Mumbai gunman sentenced to death in India

Published 7 May 2010

The sole surviving gunmen of the November 2008 Mumbai attack, in which 166 people were killed, was sentenced to death by an Indian court; the attack was noted not only because of its scope, but also because of the degree of complicity of the Pakistani army and intelligence services in its planning and execution, and the admission by the Pakistani government that the perpetrators were Pakistanis and that the plot was hatched on Pakistani soil

Kasab at the Mumbai Oberon Hotel in 2008 // Source:

Ajmal Amir Kasab, 22, the sole surviving Pakistani gunman of the 2008 terrorist attack on Mumbai, was sentenced Thursday to die for his role in the bloody siege that killed 166 people. He was convicted Monday on all eighty charges against him. The judge, M. L. Tahiliyani, sentenced him to death by hanging for four offenses, including murder fifty-two people and waging war against India.

The role of Pakistan’s military in the attack

The Mumbai attack is notable for the number of dead and injured, but it is also notable for the degree of involvement of the Pakistani security establishment in it.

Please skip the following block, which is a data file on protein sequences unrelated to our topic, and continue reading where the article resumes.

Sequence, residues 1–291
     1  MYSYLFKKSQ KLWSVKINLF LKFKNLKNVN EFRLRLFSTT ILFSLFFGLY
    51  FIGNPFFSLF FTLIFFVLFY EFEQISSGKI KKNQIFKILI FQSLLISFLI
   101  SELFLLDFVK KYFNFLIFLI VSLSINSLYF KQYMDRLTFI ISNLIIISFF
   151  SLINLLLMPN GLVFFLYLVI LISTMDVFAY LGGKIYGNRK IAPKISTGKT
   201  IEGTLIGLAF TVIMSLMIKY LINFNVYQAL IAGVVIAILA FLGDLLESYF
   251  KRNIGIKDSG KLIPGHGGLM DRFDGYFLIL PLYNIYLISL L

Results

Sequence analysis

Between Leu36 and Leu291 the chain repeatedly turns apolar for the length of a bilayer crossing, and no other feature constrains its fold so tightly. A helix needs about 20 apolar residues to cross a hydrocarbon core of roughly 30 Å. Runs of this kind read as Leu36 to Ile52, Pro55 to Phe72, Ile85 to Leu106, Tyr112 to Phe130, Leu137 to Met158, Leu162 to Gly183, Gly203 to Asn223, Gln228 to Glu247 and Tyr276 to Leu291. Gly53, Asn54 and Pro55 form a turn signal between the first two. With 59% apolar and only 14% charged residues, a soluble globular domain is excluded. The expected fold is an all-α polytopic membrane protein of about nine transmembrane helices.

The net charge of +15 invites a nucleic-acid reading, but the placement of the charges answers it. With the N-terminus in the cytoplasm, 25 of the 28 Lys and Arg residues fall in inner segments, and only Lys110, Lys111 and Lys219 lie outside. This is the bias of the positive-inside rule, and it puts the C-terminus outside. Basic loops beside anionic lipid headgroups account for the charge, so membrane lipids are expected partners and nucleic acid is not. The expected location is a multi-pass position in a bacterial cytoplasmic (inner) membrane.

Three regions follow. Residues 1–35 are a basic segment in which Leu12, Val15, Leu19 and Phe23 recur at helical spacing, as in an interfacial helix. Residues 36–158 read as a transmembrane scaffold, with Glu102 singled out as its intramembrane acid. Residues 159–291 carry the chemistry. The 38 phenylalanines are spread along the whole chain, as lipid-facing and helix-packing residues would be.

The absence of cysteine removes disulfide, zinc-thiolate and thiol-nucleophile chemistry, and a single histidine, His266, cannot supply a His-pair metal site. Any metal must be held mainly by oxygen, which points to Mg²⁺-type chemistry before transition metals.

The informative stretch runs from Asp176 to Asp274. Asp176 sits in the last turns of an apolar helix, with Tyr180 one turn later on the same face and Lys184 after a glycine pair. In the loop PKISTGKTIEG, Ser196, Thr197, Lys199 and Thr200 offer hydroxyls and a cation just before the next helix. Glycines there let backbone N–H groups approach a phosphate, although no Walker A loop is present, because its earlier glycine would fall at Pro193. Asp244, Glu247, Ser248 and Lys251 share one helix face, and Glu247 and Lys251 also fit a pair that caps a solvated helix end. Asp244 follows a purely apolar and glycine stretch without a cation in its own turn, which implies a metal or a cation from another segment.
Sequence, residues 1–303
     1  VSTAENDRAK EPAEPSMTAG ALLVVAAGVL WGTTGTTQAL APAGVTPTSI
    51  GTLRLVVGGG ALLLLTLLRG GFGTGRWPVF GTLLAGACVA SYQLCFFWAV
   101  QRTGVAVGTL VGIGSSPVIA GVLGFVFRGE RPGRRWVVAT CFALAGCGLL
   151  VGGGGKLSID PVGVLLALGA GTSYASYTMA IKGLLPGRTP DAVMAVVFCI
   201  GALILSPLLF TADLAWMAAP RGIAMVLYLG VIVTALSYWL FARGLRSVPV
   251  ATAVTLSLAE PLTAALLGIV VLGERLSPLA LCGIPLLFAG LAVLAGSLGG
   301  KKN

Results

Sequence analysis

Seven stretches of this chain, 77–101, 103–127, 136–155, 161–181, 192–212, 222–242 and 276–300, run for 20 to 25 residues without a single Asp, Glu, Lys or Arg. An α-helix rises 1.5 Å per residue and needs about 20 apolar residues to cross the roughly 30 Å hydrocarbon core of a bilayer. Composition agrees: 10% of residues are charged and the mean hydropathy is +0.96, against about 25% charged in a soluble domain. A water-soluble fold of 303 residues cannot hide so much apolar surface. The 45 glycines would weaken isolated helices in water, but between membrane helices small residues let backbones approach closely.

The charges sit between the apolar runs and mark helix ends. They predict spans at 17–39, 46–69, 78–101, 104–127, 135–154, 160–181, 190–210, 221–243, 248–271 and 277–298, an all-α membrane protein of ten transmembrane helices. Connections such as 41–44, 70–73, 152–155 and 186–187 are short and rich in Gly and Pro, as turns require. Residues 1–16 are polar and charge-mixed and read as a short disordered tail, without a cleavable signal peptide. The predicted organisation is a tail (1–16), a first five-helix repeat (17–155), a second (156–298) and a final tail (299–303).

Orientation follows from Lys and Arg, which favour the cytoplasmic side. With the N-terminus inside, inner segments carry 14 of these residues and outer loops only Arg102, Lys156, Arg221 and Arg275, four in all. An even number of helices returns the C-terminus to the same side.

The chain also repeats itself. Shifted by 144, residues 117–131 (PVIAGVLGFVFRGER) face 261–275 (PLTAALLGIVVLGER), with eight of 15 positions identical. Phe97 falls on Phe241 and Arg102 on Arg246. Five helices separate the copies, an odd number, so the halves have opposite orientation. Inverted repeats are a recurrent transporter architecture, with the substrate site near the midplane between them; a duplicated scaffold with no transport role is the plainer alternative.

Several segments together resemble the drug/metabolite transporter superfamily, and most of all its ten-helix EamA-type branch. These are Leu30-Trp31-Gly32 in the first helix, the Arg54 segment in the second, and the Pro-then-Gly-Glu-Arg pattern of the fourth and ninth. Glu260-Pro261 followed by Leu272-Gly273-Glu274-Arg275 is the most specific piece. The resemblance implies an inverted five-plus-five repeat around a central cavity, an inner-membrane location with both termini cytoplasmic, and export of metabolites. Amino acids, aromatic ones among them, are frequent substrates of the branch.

Within weeks after the November 2008 attack, police authorities in Mumbai accused a serving officer in the Pakistan Army of being involved in the terrorist attacks on the city. That move by the police represented the first time India accused an individual linked to the Pakistani state of playing a role in the Mumbai atrocities.

The Times’s Rhys Blakely wrote that the document detailing the charges against Ajmal Amir Kasab, the sole gunman to be captured alive, accused Colonel Saadat Ullah of helping to set up the phone network used by the terrorists to speak to their handlers during the attacks. The document claimed that the officer was part of the Pakistan Army’s Special Communications Organization (SCO), an offshoot of the signals corps. Col. Ullah was traced using information partly supplied by the FBI, a senior police officer said.

According to police documents obtained by the Times, the ten Islamist militants who rampaged through Mumbai spoke to their handlers in Pakistan during the attacks via mobile phones connected to Callphonex, an Internet telephony provider based in New Jersey. The militants’ Callphonex account was set up by an individual who identified himself as Kharak Singh, using the e-mail account kharak_telco@ Indian police claim that this e-mail account was accessed from ten different unique IP addresses, including one used by Col. Ullah.

Blakely reports that in the 11,000-page charge sheet filed by the Indian police against Kasab, the colonel’s physical address is given as Qasim Road, Rawalpindi, Pakistan, which is the headquarters of the SCO. The document said that Col. Ullah and another man, Khurram Shazad, of the same address, “facilitated communication … and hence conspired with [Kasab] in perpetuating the heinous crime.”

The charge sheet also detailed the involvement of a mastermind figure referred to by the gunmen and their handlers during their